Ghana has such a rich history and culture, one that makes it a prime gateway into connecting those in the diaspora to their West African roots. There was much to see, do, learn, and savor.
My friends and I joined a travel group that included tour guides to take us through an itinerary filled with historic attractions, from craft villages to slave castles. Our group spent almost every day engaged in outdoor activities in the sweltering heat. We spent seven Gregorian calendar days touring Ghana, which translates to a month in Returnee time.
We spent our first full day touring Accra, Ghana’s capital. We visited the W.E.B. Du Bois Memorial Centre for Pan African Culture, the site of Du Bois’ former residence. He died a beloved citizen of Ghana, after moving there to work on the “Encyclopedia Africana” at the request of Kwame Nkrumah, Ghana’s first prime minister and president. Du Bois is buried there, though he was initially laid to rest near the Christiansborg Castle, the former seat of Accra’s government. We also visited the Kwame Nkrumah Memorial Park and paid our respects to Ghana’s great leader at the mausoleum where he is buried.
We ended our sightseeing with a walking tour of Jamestown, known as “Old Accra.” Jamestown is one of the oldest, poorest areas of Accra, as evidenced by its crumbling colonial buildings and dilapidated shacks. The area was first occupied by the Portuguese, and later by the Dutch, Swedes, and British, who lived there capturing, buying, and selling slaves. Our tour guide led us on a sweaty and smelly walk to Fort James Prison (where Nkrumah was once imprisoned), solemnly explaining the historical context of the area.
Before it was a prison, Fort James was once a colonial trading post for materials and slaves. A few hundred feet away was the entrance to a dungeon connected by an underground tunnel to Fort James. It was there that Africans thought to be too strong and defiant for physical discipline were sent for a week or more to be “broken” before being put on the ships. I crawled through the narrow hole in the ground and down the stairs into the dungeon. It felt twice as steamy down there as it was outside. I could only bear to stand on the last step for two or three minutes, clinging to the wall, staring into the pitch-black void. (I only know what the dungeon looked like from the flash photo I took.) I choked on the thickness of the air down there and I could practically taste the anguish our foreparents went through in that dungeon. ACTUAL HELL.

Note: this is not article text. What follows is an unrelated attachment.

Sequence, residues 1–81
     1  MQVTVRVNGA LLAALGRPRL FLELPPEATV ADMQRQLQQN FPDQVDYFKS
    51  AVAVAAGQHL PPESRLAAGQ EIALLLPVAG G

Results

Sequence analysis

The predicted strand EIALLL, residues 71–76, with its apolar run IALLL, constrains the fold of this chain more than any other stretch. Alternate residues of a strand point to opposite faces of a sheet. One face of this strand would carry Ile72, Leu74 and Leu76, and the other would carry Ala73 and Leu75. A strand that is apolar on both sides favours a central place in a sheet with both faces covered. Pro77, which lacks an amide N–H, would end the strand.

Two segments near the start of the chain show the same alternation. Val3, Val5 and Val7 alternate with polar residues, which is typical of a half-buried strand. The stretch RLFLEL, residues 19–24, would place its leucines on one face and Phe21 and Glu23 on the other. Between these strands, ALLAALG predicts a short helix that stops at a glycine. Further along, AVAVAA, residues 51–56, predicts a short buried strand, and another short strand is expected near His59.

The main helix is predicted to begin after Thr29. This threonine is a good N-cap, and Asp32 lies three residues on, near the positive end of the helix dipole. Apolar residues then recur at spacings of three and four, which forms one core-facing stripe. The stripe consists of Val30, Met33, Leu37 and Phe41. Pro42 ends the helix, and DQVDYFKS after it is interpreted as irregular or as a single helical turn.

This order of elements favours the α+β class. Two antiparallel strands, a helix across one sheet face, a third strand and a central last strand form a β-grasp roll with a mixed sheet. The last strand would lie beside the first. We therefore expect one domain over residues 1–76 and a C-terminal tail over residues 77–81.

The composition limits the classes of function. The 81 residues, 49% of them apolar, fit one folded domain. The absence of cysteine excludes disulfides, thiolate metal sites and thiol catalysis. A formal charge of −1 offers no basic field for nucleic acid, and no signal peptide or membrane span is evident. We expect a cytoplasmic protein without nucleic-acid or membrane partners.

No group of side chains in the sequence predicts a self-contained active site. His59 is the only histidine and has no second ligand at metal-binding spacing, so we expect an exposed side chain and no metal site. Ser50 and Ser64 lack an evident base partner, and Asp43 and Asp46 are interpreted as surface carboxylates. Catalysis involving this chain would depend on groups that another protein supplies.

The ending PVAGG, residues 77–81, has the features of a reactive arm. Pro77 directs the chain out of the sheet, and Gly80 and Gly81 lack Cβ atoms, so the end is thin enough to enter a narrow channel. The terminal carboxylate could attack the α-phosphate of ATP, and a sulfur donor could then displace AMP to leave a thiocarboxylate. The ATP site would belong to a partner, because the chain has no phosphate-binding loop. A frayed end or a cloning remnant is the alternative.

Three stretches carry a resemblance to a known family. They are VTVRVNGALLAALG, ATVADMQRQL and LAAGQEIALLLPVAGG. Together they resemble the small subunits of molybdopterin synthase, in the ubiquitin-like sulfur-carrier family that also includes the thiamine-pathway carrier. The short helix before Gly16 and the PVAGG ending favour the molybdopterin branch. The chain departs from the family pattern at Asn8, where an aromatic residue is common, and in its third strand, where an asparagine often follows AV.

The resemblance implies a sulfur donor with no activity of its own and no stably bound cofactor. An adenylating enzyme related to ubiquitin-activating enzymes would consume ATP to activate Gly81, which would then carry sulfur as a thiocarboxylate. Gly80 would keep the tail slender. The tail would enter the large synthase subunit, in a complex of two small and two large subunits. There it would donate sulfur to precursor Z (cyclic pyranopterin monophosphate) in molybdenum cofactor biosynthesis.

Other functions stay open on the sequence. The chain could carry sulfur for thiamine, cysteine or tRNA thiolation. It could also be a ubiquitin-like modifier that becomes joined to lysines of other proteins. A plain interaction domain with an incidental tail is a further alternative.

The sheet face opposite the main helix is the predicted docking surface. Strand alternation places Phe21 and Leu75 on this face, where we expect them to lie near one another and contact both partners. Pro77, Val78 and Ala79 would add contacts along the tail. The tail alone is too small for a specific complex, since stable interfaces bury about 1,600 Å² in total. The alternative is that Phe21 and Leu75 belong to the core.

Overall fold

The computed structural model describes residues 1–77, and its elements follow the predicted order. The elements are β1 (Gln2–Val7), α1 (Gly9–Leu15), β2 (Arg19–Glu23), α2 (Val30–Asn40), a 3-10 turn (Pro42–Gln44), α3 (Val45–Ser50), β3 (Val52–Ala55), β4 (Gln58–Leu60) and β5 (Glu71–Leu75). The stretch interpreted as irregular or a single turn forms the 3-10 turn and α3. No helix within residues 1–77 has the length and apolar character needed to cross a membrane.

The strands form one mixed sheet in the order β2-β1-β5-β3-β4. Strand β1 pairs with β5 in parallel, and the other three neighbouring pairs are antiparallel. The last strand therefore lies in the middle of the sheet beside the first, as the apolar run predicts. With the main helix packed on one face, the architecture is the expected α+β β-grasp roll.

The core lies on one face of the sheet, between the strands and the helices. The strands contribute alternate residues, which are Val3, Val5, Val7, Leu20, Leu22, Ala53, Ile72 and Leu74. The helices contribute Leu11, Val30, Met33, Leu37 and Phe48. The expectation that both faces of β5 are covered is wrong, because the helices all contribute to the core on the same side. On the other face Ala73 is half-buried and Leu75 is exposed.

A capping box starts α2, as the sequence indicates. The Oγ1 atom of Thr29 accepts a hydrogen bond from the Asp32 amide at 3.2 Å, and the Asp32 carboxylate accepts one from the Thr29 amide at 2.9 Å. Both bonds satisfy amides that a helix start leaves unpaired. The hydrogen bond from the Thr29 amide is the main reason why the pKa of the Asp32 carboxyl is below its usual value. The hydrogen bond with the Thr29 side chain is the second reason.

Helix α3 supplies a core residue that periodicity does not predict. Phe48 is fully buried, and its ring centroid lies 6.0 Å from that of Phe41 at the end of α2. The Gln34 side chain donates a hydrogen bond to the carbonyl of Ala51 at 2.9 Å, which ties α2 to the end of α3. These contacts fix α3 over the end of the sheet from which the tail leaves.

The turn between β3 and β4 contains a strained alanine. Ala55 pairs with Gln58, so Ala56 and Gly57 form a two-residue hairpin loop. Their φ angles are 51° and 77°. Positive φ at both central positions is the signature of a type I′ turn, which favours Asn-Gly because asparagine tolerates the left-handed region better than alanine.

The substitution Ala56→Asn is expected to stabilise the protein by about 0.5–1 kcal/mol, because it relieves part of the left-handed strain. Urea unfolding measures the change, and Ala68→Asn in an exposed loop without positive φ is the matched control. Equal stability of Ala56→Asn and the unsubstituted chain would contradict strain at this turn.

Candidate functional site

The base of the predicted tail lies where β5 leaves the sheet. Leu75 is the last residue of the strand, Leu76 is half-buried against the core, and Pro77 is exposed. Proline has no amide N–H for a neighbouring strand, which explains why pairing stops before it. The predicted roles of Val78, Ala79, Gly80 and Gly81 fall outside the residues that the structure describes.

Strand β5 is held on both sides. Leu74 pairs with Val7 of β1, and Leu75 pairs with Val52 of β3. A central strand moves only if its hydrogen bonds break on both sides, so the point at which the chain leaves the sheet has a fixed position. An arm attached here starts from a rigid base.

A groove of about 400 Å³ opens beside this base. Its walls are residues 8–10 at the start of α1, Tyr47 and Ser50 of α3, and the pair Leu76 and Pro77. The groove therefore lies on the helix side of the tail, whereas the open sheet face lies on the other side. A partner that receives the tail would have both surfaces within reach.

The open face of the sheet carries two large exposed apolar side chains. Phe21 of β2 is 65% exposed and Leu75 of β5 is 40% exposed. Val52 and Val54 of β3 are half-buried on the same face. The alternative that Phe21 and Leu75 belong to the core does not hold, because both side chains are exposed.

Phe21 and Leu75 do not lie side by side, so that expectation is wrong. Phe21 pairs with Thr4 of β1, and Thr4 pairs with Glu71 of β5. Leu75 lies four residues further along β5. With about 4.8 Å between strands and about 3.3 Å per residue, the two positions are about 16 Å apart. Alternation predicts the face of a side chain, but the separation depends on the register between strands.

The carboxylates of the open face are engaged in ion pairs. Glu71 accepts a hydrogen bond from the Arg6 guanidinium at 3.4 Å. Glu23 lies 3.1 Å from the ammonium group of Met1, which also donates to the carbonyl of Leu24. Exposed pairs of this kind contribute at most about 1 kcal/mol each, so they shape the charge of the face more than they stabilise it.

We closed the day with Afrochella—a one day festival in Accra designed to celebrate Africa’s diverse culture through food, contemporary art, and music. It was a complete shitshow to get into the venue and the layout and entertainment left much to be desired, but the evening was filled with random run-ins with friends, acquaintances, and celebrities and so many eye-catching expressions of Blackity Blackness. The vibe was lit!
We headed about 150 miles northwest of Accra to spend the next two days in Kumasi, Ghana’s second largest city and capital of the Ashanti Region. There, we got to attend the Akwasidae Festival, an Asante celebration that occurs every six weeks. The Asantehene (king of the Asante people) meets with his subjects and lower chiefs in the courtyard of the Manhyia Palace (now a museum). We got to the festival after Asantehene Osei Tutu II and the Queen Mother had made their grand entrance on gold-decorated palanquins carried by a procession of men. You know how you’ve seen African women balancing large baskets filled with goods on their heads? Imagine six men carrying a whole adult human in a basket on their damn heads! What a strong-necked people—I wish I had seen it! We waited awkwardly in the long line to bow before the Asantehene and his family. The celebration was filled with drumming, singing, dancing and people dressed in traditional attire.